A Raindrop

My last week in Japan, spent in Kyoto, has gone by in a blur of colors, smells, tastes, and sounds. I already miss the steamy hot baths, more common outside of the modern mindset of Tokyo. The clean smell of shampoo and hot water, just another scent as you walk down the quiet streets of Kyoto. And Nishiki Market, alive with the smoke of roasting chestnuts, wafts of Christmassy evergreen tree branches from florist shops, fishy and fermented undertones from fresh seafood and pickle shops, and the warm, delicious aroma of frying soymilk donuts.

Although it was the setting for my merciless hours of classes while the rest of the family explored and photographed old temples, I miss our little traditional apartment and the ever present, earthy scent of tatami, and my morning cups of toasty genmaicha. The quiet street, bordered by little stream with its lonely red vending machine, eternally bright and fluorescent, filled with colorfully packaged drinks, awaiting some thirsty customer.

On my adventure out to Kokedera, the moss temple, sitting meditatively writing sutra with brush and inkstone among the too-loud group of German tourists, I listened to the rain swishing and pitter-pattering and beating on the old roof, and the plink, plink of coins dropping into the offering box, and as I traced the curves and lines of rows of ancient kanji, I felt the history, tradition, and culture of the place. I felt myself soaking it up, reveling in the sights and sounds and smells and traditions of Japan.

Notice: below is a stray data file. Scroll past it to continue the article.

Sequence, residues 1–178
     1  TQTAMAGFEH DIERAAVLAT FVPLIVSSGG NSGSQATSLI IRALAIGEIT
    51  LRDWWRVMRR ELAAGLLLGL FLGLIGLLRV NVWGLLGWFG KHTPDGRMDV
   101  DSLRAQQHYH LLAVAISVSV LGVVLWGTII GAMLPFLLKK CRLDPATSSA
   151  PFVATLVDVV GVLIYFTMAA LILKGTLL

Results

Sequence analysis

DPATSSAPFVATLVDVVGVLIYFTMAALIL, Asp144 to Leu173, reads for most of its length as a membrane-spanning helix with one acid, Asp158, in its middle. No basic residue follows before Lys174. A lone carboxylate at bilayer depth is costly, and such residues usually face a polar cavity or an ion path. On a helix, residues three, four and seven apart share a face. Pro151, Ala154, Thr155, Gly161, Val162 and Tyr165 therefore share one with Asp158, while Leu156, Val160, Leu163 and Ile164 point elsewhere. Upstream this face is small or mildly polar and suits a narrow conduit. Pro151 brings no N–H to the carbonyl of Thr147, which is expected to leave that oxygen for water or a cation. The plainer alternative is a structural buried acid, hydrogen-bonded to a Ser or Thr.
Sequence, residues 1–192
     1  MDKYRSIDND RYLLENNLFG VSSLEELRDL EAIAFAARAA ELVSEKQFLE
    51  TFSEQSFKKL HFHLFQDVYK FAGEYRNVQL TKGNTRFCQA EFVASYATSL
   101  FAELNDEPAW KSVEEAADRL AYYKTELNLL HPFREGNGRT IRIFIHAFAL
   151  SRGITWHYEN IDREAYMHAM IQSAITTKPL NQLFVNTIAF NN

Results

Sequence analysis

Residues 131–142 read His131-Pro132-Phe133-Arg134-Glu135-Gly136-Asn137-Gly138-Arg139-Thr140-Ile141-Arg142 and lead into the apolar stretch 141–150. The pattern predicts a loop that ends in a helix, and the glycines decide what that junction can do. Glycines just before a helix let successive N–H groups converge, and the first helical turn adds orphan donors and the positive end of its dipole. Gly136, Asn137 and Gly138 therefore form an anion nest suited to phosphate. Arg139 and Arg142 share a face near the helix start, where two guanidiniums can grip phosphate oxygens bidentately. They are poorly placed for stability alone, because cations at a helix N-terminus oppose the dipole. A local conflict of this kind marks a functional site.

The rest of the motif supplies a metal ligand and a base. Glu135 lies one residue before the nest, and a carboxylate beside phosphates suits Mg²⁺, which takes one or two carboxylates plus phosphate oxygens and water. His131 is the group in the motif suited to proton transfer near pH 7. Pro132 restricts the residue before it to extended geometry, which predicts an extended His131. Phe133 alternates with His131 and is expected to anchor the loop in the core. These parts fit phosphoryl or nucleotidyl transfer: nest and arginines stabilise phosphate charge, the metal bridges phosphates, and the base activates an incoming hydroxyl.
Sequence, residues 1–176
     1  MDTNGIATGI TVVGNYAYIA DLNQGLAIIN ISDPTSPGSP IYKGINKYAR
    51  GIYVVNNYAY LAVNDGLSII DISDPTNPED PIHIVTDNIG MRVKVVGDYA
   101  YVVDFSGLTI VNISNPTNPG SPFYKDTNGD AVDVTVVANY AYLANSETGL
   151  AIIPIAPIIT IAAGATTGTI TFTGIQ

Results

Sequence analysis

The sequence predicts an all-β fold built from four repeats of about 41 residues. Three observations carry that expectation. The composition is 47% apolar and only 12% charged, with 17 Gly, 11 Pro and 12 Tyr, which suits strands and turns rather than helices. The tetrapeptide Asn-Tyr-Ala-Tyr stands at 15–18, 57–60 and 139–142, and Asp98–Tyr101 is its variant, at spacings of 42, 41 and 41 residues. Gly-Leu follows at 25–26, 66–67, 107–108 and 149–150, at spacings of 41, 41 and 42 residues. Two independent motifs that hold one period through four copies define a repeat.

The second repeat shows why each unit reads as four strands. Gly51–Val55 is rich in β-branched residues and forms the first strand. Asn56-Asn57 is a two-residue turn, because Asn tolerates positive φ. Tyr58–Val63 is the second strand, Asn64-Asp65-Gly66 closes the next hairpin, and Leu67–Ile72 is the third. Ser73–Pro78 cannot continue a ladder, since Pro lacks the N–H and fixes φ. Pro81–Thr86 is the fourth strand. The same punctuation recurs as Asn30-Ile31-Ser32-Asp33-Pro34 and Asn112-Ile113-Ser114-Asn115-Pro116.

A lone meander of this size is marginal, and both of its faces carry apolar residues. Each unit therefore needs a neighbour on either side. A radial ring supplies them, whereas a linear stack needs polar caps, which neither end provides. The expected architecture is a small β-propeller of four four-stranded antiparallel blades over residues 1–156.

As I walked down one of the main streets, breathing deep the smell of grilling mochi sweets and savoring little samples of sweet bean paste from the many little sweet shops lining the street, I remembered my love for this place and its quiet yet deep rooted tradition.

I strive to be a raindrop, falling from clouds to sparkling seas, becoming one with my surroundings, absorbed into the culture, before evaporating into the next place, the next cloud, the next rain. Now, experiencing the culture shock of being in Singapore, I appreciate even more the subtle surety of the patterns and culture and balance and beauty of the places I’ve grown to love in Japan.


6 thoughts on “A Raindrop

What do you think?

Fill in your details below or click an icon to log in:

WordPress.com Logo

You are commenting using your WordPress.com account. Log Out /  Change )

Google+ photo

You are commenting using your Google+ account. Log Out /  Change )

Twitter picture

You are commenting using your Twitter account. Log Out /  Change )

Facebook photo

You are commenting using your Facebook account. Log Out /  Change )


Connecting to %s